Costurero de la Reina

  (Redirected from Queen's sewing box)

Coordinates: 37°22′34″N 5°59′29″W / 37.37604°N 5.991518°W / 37.37604; -5.991518

The Costurero de la Reina (literally, the Queen's sewing box) is a building constructed in the late nineteenth century in the gardens of the Palace of San Telmo, now the Maria Luisa Park in Seville, Spain. This unique building takes the form of a small hexagonal castle with turrets at the corners.[1]

The Queen's sewing box

The building was the guard house or garden retreat. It is the oldest building in Seville in the neomudéjar style. The name comes from a popular tradition that Mercedes of Orléans, the future wife of King Alfonso XII of Spain, retired to the pavilion where she passed her time sewing.[2] The reality is more prosaic. The formal name is the "Pavilion of San Telmo". Mercedes died of typhus about fifteen years before the building was erected in 1893.[3]

Nowadays the Costurero de la Reina lodges the tourist information office on the ground floor. The opening times are 9-2 pm and 3.30 to 7.30 pm, on weekdays and 10-2pm during weekends and bank holidays. The building was restored in the spring of 2007 to repair the main structure and to arrange the interior in order to make it more functional. The first floor was refurbished recently and it is used as meetings and events room of the local government.[4]

HistoryEdit

In the 19th century Antoine of Orléans, Duke of Montpensier, he settled to live in the Palacio de San Telmo of Seville (today the seat of the Government of the Junta of Andalusia). The enormous gardens of the Palace would be adapted according to the romantic tastes. In 1893 is built in the area of the gardens near the Guadalquivir river a small tower for the guard, being the architect Juan Talavera and de la Vega (father of the regional architect Juan Talavera y Heredia). It is the first Neo-Mudéjar building in Seville, being able to appreciate the Arabic style in the large windows. In 1890 the Duke of Montpensier dies and in 1893 his wife, Luisa Fernanda of Bourbon, cedes the gardens of the Palace to the city of Seville. After this, there is a small extension to the north that will continue to be the private garden of the Palacio de San Telmo, most of the gardens would become the María Luisa Park and the castle and a small extension of the surrounding garden would be enclosed. The area is populated with other neomudéjars buildings, such as the Plaza de España, on the occasion of the Ibero-American Exposition of 1929 .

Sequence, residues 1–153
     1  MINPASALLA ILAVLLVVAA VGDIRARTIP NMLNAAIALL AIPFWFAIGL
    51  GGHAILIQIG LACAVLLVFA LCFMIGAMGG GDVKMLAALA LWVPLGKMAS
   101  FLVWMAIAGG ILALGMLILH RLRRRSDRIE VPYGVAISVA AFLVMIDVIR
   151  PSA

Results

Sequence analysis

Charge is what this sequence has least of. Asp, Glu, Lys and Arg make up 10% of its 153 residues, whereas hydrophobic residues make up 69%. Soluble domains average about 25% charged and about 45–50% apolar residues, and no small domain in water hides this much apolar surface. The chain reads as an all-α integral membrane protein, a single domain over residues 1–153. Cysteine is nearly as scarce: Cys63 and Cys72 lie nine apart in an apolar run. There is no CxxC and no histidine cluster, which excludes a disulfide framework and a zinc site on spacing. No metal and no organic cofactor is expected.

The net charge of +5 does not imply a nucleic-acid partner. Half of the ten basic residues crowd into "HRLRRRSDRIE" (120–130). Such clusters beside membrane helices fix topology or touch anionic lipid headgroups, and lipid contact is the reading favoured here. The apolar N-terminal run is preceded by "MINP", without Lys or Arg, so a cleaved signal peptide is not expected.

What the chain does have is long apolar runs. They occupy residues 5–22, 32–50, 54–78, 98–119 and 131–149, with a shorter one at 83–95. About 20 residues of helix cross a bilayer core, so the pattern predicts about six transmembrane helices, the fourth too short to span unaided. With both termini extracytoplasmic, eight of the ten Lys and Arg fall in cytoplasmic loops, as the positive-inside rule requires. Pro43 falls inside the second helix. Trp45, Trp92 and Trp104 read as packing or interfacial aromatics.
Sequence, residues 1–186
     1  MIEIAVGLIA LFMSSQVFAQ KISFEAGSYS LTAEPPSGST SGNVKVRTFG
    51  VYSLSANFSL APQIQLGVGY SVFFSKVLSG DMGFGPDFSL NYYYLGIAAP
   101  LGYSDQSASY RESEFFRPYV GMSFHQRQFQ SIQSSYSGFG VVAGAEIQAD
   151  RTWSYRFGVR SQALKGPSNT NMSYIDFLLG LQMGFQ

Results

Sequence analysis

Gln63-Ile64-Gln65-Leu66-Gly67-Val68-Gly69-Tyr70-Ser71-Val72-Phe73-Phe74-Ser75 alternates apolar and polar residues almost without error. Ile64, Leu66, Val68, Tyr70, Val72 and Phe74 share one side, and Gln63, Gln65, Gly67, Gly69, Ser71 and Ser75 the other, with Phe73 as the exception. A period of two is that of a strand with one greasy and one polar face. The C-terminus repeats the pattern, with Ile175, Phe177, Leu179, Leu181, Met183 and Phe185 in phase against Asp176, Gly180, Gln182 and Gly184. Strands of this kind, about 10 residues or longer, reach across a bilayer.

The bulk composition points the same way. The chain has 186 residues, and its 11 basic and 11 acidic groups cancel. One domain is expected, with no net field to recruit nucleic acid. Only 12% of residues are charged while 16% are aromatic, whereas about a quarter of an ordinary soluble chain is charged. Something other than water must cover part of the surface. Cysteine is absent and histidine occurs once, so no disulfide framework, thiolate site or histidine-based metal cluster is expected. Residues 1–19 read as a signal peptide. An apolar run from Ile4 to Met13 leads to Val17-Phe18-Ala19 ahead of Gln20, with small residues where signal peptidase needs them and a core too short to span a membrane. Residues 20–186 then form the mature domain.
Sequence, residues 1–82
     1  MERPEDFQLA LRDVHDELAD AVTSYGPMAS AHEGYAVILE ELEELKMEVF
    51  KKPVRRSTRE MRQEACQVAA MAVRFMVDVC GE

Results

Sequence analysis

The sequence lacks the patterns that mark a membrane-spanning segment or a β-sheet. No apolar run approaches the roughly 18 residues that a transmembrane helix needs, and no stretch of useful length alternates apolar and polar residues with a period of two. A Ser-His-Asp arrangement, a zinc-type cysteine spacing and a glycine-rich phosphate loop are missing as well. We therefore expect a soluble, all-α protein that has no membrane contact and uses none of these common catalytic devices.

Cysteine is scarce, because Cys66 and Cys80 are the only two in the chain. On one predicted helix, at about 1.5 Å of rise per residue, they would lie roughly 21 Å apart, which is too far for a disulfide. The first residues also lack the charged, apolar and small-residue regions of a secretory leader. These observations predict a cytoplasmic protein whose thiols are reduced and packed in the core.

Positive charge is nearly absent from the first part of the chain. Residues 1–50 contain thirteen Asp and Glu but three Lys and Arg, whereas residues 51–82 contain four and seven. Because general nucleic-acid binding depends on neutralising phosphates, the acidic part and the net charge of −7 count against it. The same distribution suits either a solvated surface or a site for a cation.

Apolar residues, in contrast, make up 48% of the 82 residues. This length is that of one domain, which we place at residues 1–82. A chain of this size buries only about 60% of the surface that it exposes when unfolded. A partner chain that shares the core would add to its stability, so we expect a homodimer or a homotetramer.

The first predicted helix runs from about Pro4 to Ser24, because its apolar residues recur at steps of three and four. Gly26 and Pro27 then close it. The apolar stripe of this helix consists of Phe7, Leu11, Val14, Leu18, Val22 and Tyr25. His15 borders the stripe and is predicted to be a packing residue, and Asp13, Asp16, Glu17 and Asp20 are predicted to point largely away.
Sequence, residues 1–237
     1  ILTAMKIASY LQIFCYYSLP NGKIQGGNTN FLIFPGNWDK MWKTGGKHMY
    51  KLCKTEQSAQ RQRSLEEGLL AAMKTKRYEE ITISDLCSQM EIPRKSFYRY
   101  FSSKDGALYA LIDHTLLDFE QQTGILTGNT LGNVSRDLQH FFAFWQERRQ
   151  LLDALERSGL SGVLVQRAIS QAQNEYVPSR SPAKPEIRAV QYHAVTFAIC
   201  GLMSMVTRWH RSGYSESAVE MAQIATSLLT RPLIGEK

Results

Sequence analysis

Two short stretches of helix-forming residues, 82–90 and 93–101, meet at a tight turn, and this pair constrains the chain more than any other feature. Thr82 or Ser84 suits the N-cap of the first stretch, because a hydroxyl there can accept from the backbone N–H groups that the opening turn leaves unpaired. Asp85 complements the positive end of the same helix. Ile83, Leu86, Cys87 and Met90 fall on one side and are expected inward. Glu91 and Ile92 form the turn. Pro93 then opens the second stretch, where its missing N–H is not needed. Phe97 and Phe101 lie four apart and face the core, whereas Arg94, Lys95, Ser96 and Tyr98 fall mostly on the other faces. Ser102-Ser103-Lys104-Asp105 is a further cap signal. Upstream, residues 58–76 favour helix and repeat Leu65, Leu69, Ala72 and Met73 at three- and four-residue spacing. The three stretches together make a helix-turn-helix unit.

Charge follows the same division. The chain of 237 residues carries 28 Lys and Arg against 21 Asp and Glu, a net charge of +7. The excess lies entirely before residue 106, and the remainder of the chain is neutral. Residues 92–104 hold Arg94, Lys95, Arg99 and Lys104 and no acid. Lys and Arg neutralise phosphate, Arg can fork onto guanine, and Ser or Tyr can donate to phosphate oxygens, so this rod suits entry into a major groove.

Costurero de la Reina as Seville Tourist OfficeEdit

It is currently used as the Tourist Information Office of the Seville City Council. Seville Tourism Office Hours: 9 a.m. to 7.30 p.m. Weekends and holidays attend visitors to the city from 10 a.m. to 2 p.m. More information on the page of [Turismo de Sevilla, visitasevilla.es]

In addition to its functions as Municipal Tourist Information Office on the ground floor, the first floor has been set up as tourism administrative units.

The Costurero de la Reina inspired the portal of the Seville Fair of the year 2008.

Sevillian LegendEdit

It is a historical fact that in 1878 the daughter of the Duke of Montpensier, Maria de las Mercedes of Orléans, married the King Alfonso XII of Spain, becoming queen consorte of Spain.

However, it enters into its legends that the queen María de las Mercedes, due to her delicate health, spent long periods in the chambers of the castle basking in the sun while sewing with her ladies and also that, in those moments, she received visits from Alfonso XII, who came on horseback from the Alcázar of Seville after attending to his state affairs. This, however, would be impossible, because the building was built in 1893 and the queen died in 1878.

ReferencesEdit

  1. ^ "Costurero de la Reina". Barriosantacruz. Retrieved 2011-11-09.
  2. ^ "Costurero de la Reina de Sevilla, España". Fotografías de Sevilla, España. Retrieved 2011-11-09.
  3. ^ "BIENVENIDO AL COSTURERO DE LA REINA!" (in Spanish). 10 Jun 2010. Archived from the original on 15 September 2011. Retrieved 2011-11-09.
  4. ^ "ACERCA DEL COSTURERO" (in Spanish). Retrieved 2011-11-09.